Most new sleeping bags come with wash instructions which you can find on the tag. This is the best method to follow when cleaning your bag. If there are no instructions, consider the following techniques and remember that no matter the form, cleaning your sleeping bag takes time and patience:
- Device: The best way to machine wash a sleeping bag is to use a front-loading washing machine. Do not use a top loader, as the bag may become damaged and tangled around the center bar. If you do not have access to such as machine, consider going to a laundromat.
- Soap: If you are machine washing a down sleeping bag, use special soap that is friendly on down material. If your fill is synthetic, you can use a regular detergent, but a technical gear-specific detergent will be best. Nikwax makes different detergents for both down and synthetic fill.
- Means: Some suggest fully unzipping your bag before loading it into the washing machine, so the upper doesn’t pull apart or catch in the wash. Another option is to turn your bag inside out with the zipper fully closed. Wash your sleeping bag in warm water on a gentle cycle. The sleeping bag may need two or more rinse cycles. It is ready to dry if the bag is wet but not holding large amounts of water. Then be sure to gently squeeze any excess moisture out of the bag as you remove it from the wash.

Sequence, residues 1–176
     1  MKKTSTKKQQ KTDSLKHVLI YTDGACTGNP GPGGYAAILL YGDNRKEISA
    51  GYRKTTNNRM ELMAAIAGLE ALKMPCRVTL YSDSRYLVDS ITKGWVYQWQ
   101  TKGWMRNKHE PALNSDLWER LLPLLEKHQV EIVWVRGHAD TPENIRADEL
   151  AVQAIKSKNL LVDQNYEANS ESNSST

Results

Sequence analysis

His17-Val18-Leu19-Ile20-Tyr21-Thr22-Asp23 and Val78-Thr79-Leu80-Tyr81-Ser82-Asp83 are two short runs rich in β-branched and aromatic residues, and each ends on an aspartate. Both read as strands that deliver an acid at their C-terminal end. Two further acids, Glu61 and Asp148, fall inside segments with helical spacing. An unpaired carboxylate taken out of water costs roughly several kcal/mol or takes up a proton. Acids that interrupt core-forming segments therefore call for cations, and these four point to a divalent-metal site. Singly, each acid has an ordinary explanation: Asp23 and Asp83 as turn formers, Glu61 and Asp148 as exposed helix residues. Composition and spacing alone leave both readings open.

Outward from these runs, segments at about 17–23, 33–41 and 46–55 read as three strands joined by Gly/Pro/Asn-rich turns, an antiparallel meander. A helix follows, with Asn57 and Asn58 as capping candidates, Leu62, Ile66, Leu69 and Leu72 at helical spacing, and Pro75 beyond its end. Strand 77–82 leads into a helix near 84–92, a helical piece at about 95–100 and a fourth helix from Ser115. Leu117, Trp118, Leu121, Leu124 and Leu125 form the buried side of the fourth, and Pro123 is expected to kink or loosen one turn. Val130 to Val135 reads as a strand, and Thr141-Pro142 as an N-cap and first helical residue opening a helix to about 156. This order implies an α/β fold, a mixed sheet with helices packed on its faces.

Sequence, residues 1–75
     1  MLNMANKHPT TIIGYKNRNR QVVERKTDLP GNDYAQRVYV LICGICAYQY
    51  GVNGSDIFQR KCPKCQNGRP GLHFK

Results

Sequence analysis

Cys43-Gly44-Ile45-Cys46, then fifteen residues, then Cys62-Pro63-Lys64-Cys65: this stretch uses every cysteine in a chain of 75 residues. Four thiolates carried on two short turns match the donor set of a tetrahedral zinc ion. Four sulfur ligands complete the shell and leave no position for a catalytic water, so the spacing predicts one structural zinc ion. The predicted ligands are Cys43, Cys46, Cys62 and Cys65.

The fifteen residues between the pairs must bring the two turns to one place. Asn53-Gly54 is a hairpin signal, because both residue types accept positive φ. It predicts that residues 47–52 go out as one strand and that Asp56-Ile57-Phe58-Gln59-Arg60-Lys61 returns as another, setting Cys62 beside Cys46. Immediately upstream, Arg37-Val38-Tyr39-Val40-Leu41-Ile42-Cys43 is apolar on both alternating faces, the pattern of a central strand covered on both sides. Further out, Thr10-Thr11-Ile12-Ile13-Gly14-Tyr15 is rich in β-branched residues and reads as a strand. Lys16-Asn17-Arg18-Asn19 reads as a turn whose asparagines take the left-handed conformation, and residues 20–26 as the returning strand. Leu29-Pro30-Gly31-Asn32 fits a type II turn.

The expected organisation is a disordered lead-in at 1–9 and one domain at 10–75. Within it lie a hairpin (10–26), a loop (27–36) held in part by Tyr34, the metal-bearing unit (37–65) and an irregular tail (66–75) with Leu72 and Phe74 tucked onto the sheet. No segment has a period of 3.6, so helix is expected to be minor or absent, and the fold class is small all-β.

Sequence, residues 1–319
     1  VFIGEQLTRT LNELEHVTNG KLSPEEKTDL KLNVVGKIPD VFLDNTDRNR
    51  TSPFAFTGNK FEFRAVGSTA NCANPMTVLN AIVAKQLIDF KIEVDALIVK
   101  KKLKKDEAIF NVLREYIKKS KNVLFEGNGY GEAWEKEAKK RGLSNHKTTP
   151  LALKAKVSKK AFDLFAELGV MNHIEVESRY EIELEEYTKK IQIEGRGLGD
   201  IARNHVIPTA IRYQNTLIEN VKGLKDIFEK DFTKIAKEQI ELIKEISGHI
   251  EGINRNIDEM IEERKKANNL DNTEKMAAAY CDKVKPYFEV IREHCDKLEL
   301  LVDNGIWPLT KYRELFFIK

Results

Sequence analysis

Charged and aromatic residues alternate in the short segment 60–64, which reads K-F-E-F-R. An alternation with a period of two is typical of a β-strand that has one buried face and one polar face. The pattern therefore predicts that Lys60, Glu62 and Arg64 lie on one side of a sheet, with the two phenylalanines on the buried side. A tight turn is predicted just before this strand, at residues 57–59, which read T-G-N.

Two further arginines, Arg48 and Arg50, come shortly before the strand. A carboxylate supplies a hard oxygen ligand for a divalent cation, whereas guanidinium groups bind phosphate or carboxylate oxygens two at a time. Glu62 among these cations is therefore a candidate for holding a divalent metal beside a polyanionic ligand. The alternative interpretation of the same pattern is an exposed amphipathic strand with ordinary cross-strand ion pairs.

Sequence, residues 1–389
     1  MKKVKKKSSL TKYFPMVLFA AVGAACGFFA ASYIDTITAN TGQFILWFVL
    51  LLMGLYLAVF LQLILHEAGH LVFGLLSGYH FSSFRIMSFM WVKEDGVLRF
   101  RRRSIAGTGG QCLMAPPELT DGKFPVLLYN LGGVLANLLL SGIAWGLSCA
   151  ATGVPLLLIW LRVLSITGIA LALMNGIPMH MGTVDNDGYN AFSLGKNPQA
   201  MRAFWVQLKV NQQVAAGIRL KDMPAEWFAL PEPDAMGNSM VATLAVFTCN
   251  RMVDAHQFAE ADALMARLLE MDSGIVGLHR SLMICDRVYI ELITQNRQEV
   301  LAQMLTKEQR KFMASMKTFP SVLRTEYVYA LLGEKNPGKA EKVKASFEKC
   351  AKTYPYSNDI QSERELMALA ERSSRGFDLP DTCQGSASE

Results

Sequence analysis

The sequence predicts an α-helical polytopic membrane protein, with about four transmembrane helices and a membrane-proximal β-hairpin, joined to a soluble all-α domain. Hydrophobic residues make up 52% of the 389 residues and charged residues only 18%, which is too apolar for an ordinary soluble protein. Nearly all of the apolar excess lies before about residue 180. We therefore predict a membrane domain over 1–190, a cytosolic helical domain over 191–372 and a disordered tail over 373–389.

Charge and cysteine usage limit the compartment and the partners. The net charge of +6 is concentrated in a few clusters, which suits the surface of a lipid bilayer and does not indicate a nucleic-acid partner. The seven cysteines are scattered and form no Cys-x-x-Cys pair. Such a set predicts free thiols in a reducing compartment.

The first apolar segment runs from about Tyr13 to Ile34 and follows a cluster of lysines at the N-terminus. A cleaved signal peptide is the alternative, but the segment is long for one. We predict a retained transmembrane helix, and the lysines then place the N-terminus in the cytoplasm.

- Drying: Use a large dryer if possible; the more room in the dryer, the better the fill can expand when drying. Synthetics will often dry faster. Bags with down fill may take several drying cycles. Set the dryer to tumble on a low heat setting. Consider using tennis balls or other dryer aids to break up condensed pockets of fill towards the end of the cycle or when it is mostly dry.
- Device: Fill your bathtub or a similarly large tub with warm or cool water.
- Soap: Use the same material-specific soap listed above and read the instructions for the recommended amount. When hand washing, it can be more difficult to rinse the soap out, so starting with a smaller amount than recommended may be beneficial, and slowly adding more as you go.
- Means: Lay the bag in the water and gently rub and massage the bag. Next, soak the bag for around thirty minutes or until it is fully saturated. Rinse your bag with clean water (you may do this multiple times) until the soap is out. Before hanging to dry, gently squeeze excess water out of the bag. It can be helpful to work from one end to the other squeezing section by section.
- Drying: Follow the directions above. If a dryer is unavailable, lay the sleeping bag on a clean surface or hang it up to dry. Use a location out of direct sunlight and with low humidity. Once it has started to dry, you may need to manually unclump or fluff the fill in your bag to ensure it dries thoroughly.
Have a new sleeping bag that you are excited to test out? Autumn is the ideal time to hike and then cozy up in your sleeping bag under the stars! For some spectacular colors and views, check out the best fall hikes near Colorado Springs. While it is safe to hike alone, if you are looking for some expertise, guided hikes through Broadmoor Outfitters are a perfect way to learn about and get familiar with a new area or trail.